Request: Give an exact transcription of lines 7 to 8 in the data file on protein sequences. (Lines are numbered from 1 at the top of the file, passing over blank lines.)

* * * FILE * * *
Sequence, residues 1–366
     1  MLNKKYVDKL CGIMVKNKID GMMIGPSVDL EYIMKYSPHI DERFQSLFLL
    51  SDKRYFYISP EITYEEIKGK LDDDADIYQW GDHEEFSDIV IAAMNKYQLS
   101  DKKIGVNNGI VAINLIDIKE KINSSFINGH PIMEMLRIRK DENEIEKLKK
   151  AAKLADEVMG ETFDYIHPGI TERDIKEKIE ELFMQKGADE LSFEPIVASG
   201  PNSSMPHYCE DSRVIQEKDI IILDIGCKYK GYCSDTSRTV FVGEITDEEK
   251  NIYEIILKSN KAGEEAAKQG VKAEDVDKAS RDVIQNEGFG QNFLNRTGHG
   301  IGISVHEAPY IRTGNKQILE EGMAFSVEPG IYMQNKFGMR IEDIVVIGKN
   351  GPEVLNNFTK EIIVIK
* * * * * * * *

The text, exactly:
   251  NIYEIILKSN KAGEEAAKQG VKAEDVDKAS RDVIQNEGFG QNFLNRTGHG
   301  IGISVHEAPY IRTGNKQILE EGMAFSVEPG IYMQNKFGMR IEDIVVIGKN